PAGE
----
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Sober Nation

Putting Recovery On The Map

04-17-19 | By

Am I Still Sober If I Use Ketamine For Depression?

Recently, Ketamine has been making headlines left and right. In March, the FDA approved an anti-depressant based on ketamine for the first time, called Spravato (the generic name esketamine) which may be one of the biggest breakthroughs to treating severe depression in years. So, while many who are sober have come to find ketamine as a mind-altering drug, the question is, if other co-occurring disorders present themselves – is this new drug okay to take?

The FDA panel voted 14-2 in favor of Johnson & Johnson’s drug esketamine, a treatment developed to treat major depression in patients who have not benefited from at least two different therapies.

Ketamine In The Brain

Introduced in the 1960’s, Ketamine has been used widely in the medical community for pain management, anesthesia, and as an animal tranquilizer. It then became known as a party drug – often referred to as “K,” “Special K,” or “Vitamin K,” which in high doses causes user to hallucinate, and often reduces physical sensations and induce temporary paralysis, so the user is awake but unable to move his limbs or speak – often referred to as a “K-Hole.”

In 1999, the federal government classified ketamine as a Schedule III controlled substance to halt its recreational use, however in the research aspect of things, the drug continued to grow.

However, in medical practices, doctors, dentists, and psychiatrists prescribe ketamine to help their patients achieve a variety of different health goals. Doctors often use ketamine in FDA approved situations such as procedures involving cardiac catheterization, orthopedics, skin grafting, or diagnostics involving the eye, ear, nose, and throat. Surgical dentists may also use ketamine as an anesthesia during tooth extractions.

Though, as the drug continues to make headlines, scientists are now beginning to find how ketamine works in the brain. The drug appeared to rapidly improve functioning of certain brain circuits involved in mood and regulating emotions and it didn’t take long to see the effects. The scientists reported seeing behavioral changes in as little as three hours, while changes in the brain kicked in between 12 to 24 hours after treatment, where it the drug began to restore faulty connections between cells in these circuits.

“Ketamine has a bit of a sordid past, but it is potentially one of the best interventions that we will have in the future for major depression,” said Dr. Darrin D’Agostino, executive dean and vice president of health affairs for Kansas City University of Medicine and Bio sciences.

“Unlike most of our current medications that we are currently using now, it works directly on one of the neurotransmitters and the receptors for those neurotransmitters to make connections in the brain much faster than our traditional medicines,” D’Agostino said. “We can actually use it for people that are in crisis, people that are suicidal, the effects seem to be dramatic.”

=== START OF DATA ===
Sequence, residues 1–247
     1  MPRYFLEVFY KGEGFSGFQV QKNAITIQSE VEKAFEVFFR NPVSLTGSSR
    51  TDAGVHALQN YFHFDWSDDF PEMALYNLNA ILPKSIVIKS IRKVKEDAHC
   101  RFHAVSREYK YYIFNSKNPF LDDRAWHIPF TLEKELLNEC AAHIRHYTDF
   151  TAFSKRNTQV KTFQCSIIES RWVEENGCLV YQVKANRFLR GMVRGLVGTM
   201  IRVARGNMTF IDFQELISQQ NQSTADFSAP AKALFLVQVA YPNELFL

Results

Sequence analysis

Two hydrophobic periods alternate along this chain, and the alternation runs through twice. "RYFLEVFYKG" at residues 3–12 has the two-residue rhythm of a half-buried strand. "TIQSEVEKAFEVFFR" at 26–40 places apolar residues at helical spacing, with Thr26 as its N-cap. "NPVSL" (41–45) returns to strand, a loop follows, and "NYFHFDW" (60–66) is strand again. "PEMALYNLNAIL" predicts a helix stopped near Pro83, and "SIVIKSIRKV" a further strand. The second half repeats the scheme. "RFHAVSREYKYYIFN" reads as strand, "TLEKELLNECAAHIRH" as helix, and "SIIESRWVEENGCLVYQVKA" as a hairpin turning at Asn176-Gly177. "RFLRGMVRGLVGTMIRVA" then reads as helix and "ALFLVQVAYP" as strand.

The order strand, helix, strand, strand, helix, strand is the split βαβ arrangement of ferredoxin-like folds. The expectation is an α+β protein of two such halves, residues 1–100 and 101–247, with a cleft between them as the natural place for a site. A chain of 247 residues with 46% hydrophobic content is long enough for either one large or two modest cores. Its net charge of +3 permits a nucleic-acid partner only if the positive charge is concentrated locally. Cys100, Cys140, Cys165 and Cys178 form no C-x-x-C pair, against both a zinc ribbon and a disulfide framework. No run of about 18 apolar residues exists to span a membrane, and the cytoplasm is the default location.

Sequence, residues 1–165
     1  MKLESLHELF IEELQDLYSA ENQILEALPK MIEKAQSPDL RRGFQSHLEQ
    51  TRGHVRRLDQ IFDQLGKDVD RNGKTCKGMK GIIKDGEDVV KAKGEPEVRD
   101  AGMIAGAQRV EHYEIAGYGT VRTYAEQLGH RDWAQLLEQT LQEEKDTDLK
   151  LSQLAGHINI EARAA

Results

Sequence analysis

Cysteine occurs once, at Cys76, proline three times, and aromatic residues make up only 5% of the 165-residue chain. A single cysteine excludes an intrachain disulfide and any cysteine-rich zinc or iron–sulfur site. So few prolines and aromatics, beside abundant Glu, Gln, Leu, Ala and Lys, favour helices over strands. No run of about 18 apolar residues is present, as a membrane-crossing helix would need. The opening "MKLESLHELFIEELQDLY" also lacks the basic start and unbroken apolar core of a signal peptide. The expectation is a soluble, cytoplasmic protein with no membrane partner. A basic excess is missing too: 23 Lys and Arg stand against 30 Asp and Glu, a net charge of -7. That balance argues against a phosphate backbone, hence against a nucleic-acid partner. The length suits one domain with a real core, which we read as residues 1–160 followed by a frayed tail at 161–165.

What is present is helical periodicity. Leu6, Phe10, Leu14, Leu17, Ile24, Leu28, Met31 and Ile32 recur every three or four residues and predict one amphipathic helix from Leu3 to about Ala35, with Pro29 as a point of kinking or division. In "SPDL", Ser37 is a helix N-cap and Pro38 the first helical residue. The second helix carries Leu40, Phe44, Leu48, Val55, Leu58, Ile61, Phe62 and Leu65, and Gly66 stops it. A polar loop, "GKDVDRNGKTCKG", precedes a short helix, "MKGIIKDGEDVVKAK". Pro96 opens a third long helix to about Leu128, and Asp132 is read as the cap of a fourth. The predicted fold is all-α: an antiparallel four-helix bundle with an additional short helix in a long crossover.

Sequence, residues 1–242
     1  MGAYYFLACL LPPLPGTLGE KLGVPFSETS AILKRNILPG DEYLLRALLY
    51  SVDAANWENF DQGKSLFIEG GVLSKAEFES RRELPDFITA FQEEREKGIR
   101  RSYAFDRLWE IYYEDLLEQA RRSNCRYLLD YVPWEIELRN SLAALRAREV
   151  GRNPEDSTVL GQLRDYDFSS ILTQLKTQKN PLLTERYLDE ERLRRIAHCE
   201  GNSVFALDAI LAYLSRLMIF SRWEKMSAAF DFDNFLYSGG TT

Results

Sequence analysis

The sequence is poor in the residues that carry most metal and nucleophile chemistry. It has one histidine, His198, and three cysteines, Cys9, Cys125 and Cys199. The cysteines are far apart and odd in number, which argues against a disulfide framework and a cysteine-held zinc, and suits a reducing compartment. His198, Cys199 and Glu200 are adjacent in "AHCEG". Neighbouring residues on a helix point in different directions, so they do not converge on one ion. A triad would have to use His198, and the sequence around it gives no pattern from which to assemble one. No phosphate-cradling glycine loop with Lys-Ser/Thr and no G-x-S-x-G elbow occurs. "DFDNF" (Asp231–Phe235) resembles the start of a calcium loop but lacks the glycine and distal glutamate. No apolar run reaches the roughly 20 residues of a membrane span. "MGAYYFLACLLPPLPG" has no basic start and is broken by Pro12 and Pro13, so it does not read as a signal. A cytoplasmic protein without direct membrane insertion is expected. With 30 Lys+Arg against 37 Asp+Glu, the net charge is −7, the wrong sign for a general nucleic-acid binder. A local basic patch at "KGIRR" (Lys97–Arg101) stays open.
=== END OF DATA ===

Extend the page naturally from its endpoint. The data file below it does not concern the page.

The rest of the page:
As a street drug, ketamine creates these dissociations and euphorias, but for those with treatment resistant depression, prescribed ketamine has proved to relieve mood problems within hours or sometimes moments for about 85% of those treated. While conventional anti-depressants can take several weeks to take effect, studies have shown that ketamine often improves depression symptoms almost immediately.

The Controversy

While many argue that Ketamine has been classified as a schedule III addictive drug, others like Dr. Lee Hoffer, at Case Western Reserve University is an anthropologist who has studied the behavior or drug and alcohol users for years. He argues that whereas a person can take heroin each day and function, ketamine is disruptive, causing major dissociative effects. He states that there’s no withdrawal symptom associated with the drug – which comes as a benefit to those prescribing it. Unlike street drugs, its appeal is limited and its addiction liability is comparatively low.

However, this does not mean that ketamine or Spravato is safe. Its access will be restricted and use monitored by a physician,  and the manufacturer is placing important restrictions on the drug, as it will not be available at local pharmacies and never for take-home use. A person receiving the treatment will be under observation and care of a health professional trained in the therapy. The drug will be given in an office or approved health center, and the patient will not be allowed to drive until the day after treatment.

Additionally, given its short effect time, professionals report that the benefits will outweigh the risks of the drug for the treatment of depression. While any new drug on the market, the FDA will continue to monitor the outcomes and effects the drug has on each person.

So if someone who once had a substance abuse problem considers the option of the new drug, should they consider themselves sober? In this case, it’s best to consult your physician, look at your motives, and speak to your family and supports, as Spravato is currently only being prescribed for those who have not benefitted from at least two other therapies. For those with severe depression, turning it around may not be a phenomenon, it can certainly feel like one for the person who is experiencing the symptoms of it.

“Outside of the clinic, ketamine can cause tragedies, but in the right hands, it is a miracle,” says John Abenstein, MD, president of the American Society of Anesthesiologists.


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